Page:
Get to Know the Pending Order in Forex


November 17, 2020 | AtoZ Markets – As you start trading forex, you mostly play the so-called ‘market order’ to get involved. What you have to do is click the button to buy or sell and get involved. Also, the market order tells the broker that you wish to get involved in the best price possible or known as the ‘market price.’ Though there is no guarantee that you can have the price on the chart or order window, forex is still extraordinarily liquid; most of the time, it works out.

Pending Orders

The pending orders, not just in forex but in any market, are a set of instructions that traders provide to their brokers on entering or exiting a position. In some more complex platforms, they could have multiple actions in the same order. Then, at the basic level, they are looking for a case where they tell the market they want to get in or out of a position at a specific price. If the market does not meet the price, nothing will happen. There are multiple kinds of orders, but we’ll tackle the most common.

Buy Stops

A buy stop informs the broker of traders wants to buy a currency pair at a specific price. For instance, if a trader is short of the USD/CAD pair at 1.31, but the trader realized that he/she is wrong in the position if the market reaches the 1.3180 level, the trader places a but stop at that level to protect the account. Thus, as soon as the market reaches 1.3180, the trader will buy back the position to close out the trade and gear up for another one.

Sell Stops

On the other hand, sell stops are the exact opposite. If it reached a price, traders wish to sell the market, typically to close out a position. Let’s say traders went long at 1.30, and the price traveled to 1.33 handle. Traders would want to lock in some profits, so they decide to place a sell stop at 1.3270 just below. Then, if the market goes back to the 1.3270 level, traders sell their position and flatten out the account – as far as the trade is concerned.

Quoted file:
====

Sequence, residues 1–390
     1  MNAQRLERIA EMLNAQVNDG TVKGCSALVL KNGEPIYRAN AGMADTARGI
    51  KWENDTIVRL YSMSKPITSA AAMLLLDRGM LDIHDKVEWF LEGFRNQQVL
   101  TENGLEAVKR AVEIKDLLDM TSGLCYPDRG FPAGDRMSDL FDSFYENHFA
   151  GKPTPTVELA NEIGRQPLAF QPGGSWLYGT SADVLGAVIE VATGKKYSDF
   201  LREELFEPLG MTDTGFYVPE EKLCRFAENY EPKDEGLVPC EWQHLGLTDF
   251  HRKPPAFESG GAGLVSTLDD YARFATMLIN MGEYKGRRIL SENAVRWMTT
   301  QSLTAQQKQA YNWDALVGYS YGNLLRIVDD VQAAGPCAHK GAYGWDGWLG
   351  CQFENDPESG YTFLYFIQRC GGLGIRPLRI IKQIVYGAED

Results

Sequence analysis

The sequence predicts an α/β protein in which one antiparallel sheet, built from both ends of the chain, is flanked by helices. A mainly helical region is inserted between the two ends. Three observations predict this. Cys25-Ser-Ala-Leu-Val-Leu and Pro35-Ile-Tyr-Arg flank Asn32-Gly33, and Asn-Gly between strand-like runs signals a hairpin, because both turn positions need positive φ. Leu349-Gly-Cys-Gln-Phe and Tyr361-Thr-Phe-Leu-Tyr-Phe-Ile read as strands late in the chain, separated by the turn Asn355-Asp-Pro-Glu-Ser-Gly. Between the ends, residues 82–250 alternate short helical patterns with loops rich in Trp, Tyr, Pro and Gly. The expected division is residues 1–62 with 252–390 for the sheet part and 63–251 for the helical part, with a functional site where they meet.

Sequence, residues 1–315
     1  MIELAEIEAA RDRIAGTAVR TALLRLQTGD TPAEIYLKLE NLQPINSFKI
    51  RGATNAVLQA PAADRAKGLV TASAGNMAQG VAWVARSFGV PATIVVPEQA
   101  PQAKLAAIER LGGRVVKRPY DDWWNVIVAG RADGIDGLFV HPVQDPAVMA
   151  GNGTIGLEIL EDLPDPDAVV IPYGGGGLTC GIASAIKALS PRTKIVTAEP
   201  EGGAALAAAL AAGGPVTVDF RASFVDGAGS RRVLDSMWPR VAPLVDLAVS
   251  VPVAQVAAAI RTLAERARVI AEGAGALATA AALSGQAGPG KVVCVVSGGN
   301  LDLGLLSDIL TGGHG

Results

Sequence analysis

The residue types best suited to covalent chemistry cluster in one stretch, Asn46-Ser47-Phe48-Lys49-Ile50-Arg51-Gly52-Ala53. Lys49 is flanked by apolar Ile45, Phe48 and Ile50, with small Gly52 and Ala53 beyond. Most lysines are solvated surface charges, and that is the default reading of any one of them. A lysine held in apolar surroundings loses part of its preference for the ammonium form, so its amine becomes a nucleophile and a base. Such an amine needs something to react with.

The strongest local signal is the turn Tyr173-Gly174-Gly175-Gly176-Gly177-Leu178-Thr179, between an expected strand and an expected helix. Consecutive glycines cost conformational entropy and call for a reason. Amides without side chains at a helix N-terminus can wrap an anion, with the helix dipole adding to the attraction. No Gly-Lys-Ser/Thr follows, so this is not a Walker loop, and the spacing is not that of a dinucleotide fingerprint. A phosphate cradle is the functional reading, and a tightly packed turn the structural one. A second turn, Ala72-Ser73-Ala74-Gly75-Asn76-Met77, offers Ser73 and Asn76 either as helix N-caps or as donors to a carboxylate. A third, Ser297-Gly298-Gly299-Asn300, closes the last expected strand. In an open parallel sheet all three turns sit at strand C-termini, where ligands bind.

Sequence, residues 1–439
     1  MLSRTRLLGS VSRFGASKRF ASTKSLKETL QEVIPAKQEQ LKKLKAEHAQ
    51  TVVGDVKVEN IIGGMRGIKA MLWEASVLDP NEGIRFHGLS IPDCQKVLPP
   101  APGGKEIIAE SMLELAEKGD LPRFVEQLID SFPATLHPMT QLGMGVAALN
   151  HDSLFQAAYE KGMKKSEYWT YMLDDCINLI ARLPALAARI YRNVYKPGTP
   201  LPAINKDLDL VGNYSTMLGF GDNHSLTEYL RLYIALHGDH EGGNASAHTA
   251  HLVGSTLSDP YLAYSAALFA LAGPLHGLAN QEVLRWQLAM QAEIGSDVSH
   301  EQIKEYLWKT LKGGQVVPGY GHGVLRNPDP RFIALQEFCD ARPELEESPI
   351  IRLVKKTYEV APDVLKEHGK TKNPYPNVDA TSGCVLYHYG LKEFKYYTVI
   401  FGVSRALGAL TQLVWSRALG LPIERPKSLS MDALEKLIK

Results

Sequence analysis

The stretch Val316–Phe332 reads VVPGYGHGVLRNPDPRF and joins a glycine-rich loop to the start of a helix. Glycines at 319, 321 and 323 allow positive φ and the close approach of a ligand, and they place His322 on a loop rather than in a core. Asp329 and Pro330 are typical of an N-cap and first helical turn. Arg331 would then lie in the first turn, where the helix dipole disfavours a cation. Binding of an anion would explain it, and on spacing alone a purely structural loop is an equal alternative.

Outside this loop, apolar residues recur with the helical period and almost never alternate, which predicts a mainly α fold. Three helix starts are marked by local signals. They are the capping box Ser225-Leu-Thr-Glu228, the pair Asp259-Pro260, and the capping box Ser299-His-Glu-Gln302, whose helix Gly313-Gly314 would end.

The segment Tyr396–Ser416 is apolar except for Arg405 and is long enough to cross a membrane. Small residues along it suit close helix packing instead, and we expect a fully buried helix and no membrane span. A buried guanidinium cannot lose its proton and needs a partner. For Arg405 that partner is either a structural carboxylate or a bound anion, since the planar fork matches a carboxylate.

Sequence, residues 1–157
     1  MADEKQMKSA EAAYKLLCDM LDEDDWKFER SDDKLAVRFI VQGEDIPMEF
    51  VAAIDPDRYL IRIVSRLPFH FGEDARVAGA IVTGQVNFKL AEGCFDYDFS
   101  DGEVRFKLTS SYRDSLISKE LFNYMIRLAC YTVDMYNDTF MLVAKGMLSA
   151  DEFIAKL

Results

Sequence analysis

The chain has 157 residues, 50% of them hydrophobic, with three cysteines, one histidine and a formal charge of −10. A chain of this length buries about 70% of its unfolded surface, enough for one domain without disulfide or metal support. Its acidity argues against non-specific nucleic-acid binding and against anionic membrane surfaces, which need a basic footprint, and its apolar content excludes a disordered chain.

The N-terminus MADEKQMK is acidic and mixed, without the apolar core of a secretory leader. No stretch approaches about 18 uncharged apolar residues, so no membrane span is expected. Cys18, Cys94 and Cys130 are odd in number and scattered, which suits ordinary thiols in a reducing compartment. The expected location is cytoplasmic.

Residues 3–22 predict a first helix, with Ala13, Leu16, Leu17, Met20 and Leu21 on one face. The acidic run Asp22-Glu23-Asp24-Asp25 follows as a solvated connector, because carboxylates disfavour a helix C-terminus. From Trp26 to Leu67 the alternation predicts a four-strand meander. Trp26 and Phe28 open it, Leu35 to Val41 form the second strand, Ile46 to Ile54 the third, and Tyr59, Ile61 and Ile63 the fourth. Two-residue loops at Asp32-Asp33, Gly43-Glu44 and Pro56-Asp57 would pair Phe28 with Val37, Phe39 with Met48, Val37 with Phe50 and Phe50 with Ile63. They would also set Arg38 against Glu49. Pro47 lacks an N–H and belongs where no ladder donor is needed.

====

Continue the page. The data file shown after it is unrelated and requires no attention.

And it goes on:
Buy Limit

Traders use a buy limit to order that they are willing to buy a currency pair at a specific price or better. For instance, you want to buy the USD/JPY pair at ¥111.05, lower than the market price. As the market falls to the ¥111.05, you will only buy it at a specific price or better. Though there is a chance to get filled at a lower price since it is considered better, it rarely happens. Most of the time, it only occurs when there is a lot of slippage during the news event. If it did not hit the price, nothing happens. Traders will either pay ¥111.05 or less for the position.

Sell Limit

Sell limit is the opposite of but limit order. Here, traders are setting a specific price that they are looking to sell the currency pair. Let’s say the EUR/USD pair is trading at the 1.1358 level, and traders notice that the 1.12 level above is an area of resistance. So, they would want to short the market if it gets up in that area, and they are only willing to pay that price. Most likely, traders will put in a sell limit at that level. Then, they either get their trade filled at that price or higher to take advantage of the trade’s better part.

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